Chandler Bolt [00:27:26] That’s really great. I like that. Okay. So we’ve been pleasantly persistent. We’ve not received the silence as a no silences in the know. I love that there’s a difference between now I hear him back and know and we’ve gotten our first. Yes. What? What now? How do we do? We kind of turn. Turn a soft yes into a firm commitment. And what should we do to prep for that media appearance to make sure that that appearance sells as many copies of our book as possible?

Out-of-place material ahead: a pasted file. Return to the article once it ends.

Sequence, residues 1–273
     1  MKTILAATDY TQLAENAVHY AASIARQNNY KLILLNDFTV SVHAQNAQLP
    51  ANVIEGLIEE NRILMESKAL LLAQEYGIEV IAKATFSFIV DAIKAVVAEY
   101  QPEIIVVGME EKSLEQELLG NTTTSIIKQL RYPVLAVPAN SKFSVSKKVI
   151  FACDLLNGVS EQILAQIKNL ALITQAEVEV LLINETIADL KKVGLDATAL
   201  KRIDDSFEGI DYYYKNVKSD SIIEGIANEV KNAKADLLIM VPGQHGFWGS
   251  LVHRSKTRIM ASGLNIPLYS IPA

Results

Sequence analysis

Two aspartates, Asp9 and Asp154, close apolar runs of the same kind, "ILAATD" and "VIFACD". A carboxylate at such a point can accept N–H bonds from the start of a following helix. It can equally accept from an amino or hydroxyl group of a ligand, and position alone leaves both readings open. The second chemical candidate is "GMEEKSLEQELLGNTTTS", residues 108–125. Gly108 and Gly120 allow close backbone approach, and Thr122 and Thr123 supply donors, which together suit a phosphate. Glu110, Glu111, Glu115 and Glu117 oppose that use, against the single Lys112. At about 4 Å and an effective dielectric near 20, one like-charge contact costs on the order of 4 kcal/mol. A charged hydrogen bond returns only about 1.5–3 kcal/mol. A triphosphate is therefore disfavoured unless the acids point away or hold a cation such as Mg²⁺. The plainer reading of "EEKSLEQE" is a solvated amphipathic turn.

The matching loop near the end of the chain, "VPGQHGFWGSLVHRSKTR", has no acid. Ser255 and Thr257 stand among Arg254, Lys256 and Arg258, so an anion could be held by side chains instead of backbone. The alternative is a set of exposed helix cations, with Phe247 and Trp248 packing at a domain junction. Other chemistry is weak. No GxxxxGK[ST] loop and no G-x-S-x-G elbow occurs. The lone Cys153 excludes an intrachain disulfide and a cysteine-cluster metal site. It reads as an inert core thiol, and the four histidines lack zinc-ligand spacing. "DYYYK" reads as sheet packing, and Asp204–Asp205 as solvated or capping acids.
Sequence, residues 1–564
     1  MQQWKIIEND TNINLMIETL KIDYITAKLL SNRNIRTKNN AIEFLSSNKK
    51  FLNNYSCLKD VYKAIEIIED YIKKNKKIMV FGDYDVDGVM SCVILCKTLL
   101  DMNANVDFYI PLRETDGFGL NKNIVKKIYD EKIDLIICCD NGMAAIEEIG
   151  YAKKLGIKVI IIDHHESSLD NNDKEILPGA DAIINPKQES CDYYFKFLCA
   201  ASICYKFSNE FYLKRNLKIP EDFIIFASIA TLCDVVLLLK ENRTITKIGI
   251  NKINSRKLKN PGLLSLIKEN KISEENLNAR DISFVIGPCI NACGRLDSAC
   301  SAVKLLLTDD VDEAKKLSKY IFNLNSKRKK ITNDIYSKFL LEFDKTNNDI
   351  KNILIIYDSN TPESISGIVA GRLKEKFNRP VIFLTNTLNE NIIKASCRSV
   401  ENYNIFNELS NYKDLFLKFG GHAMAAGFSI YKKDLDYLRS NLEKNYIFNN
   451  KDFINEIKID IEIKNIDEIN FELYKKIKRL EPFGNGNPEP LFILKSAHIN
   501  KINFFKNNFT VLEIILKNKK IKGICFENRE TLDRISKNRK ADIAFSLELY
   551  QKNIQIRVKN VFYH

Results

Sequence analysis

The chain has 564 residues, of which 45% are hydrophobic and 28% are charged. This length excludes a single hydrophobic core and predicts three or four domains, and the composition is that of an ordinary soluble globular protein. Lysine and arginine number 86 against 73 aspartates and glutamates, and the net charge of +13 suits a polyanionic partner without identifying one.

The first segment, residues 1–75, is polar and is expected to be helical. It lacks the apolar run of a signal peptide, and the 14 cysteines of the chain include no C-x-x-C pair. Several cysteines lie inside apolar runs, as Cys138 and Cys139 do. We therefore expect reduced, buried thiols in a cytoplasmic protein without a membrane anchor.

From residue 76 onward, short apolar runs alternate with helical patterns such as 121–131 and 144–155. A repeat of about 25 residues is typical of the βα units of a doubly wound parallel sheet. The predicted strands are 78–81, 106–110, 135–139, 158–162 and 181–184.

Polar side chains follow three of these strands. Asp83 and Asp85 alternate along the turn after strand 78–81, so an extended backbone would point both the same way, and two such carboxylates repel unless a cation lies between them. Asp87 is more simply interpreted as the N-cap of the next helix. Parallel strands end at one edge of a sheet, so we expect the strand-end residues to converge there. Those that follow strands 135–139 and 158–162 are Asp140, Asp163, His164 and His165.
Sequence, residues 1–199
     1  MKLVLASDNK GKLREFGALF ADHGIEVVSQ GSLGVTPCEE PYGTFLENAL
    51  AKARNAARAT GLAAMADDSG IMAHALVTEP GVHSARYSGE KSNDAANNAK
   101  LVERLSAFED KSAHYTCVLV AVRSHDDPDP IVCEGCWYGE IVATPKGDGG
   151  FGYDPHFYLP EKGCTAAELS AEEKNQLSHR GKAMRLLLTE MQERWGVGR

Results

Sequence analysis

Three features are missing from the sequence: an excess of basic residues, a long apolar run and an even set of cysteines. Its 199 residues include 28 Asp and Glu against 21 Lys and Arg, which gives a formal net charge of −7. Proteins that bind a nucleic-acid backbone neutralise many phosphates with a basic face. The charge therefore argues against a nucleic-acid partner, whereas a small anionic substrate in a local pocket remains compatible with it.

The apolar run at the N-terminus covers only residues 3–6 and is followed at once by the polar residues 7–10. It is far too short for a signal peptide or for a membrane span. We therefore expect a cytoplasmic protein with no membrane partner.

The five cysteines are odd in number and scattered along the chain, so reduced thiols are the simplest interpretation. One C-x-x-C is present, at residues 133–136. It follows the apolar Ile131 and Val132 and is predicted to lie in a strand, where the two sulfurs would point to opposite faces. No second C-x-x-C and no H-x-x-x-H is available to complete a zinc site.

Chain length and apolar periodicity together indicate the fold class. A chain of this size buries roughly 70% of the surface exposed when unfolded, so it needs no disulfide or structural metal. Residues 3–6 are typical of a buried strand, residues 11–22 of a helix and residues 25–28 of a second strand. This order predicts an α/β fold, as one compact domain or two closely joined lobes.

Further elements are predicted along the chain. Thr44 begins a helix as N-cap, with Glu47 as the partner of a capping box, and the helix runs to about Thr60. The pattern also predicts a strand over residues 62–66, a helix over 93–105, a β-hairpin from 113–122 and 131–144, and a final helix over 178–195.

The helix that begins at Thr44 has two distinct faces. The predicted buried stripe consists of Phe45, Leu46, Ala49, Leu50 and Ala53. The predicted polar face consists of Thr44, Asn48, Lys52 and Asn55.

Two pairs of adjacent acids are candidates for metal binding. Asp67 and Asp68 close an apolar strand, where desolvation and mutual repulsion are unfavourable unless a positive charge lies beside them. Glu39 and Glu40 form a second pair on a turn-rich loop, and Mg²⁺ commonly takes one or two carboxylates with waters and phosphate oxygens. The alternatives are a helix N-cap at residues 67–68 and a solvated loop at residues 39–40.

Steve Harrison [00:27:56] Yeah. So this is we’re again, watching the watching the show, reading, you know, being at least familiar with how they cover what they do for an interview program. A lot of them will appreciate sample questions. They may not always use them, but a lot of them just, you know, they’re busy. I think one thing what people don’t realize is that podcasters, journalists, producers are busy. So the more you can make it easy for them, the better. They’d love to go home early, you know? And so give them as best you can a show in a box, so to speak. Now you do want to think about a few things before you do the show. One is, what are you going to say at the C to the call to action? In other words, how do you want to be seen? Do you want people do you want to say, go to get my book on Amazon? Okay, fine. Or do you want to say, hey, I’ve got a special offer, Here’s this free thing so that you can have people get on your list? Another good reason to be doing interviews, even if your book isn’t out yet. So that’s that’s important. There’s a little bit of planning you want to do before the interview. So you want to ask yourself a couple of things. How do I want to be seen? If you want speaking engagements, are you going to tell a story somewhere where it fits about speaking? You know, probably. Good idea. That’s called seating. Right. You want to think about how to enter. So much of things is like we listen to podcasts or radio shows in our car. Imagine we’re driving. What do what does the average person need to hear to pull to the side of the road and say, hold it. I got to I got to get this thing now, You know, get their phone out fast. I got to get this this book. I got to order this. Think through the stories you might want to tell, the points you want to make to to so that you have a basic roadmap of some of the things that you really want to say. Now you’ve got to serve the host and whatever he or she asks. But a lot of times I find people don’t have a real blueprint. For tapping into the conversation that’s going on in people’s minds in terms of generating sales.